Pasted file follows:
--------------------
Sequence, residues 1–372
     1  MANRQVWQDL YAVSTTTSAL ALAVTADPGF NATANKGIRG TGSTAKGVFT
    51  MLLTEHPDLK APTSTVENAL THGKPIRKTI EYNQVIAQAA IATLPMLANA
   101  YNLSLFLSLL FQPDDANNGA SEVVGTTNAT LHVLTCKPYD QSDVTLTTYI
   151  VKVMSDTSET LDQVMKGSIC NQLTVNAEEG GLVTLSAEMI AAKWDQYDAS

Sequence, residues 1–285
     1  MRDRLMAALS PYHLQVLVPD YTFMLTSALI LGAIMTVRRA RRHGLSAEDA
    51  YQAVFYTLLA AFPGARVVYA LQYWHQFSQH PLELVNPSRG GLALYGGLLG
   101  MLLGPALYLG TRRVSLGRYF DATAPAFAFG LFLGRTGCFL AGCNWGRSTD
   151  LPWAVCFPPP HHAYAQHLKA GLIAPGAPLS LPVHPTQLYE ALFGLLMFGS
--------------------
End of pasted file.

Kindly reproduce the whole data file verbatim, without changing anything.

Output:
Sequence, residues 1–372
     1  MANRQVWQDL YAVSTTTSAL ALAVTADPGF NATANKGIRG TGSTAKGVFT
    51  MLLTEHPDLK APTSTVENAL THGKPIRKTI EYNQVIAQAA IATLPMLANA
   101  YNLSLFLSLL FQPDDANNGA SEVVGTTNAT LHVLTCKPYD QSDVTLTTYI
   151  VKVMSDTSET LDQVMKGSIC NQLTVNAEEG GLVTLSAEMI AAKWDQYDAS

Sequence, residues 1–285
     1  MRDRLMAALS PYHLQVLVPD YTFMLTSALI LGAIMTVRRA RRHGLSAEDA
    51  YQAVFYTLLA AFPGARVVYA LQYWHQFSQH PLELVNPSRG GLALYGGLLG
   101  MLLGPALYLG TRRVSLGRYF DATAPAFAFG LFLGRTGCFL AGCNWGRSTD
   151  LPWAVCFPPP HHAYAQHLKA GLIAPGAPLS LPVHPTQLYE ALFGLLMFGS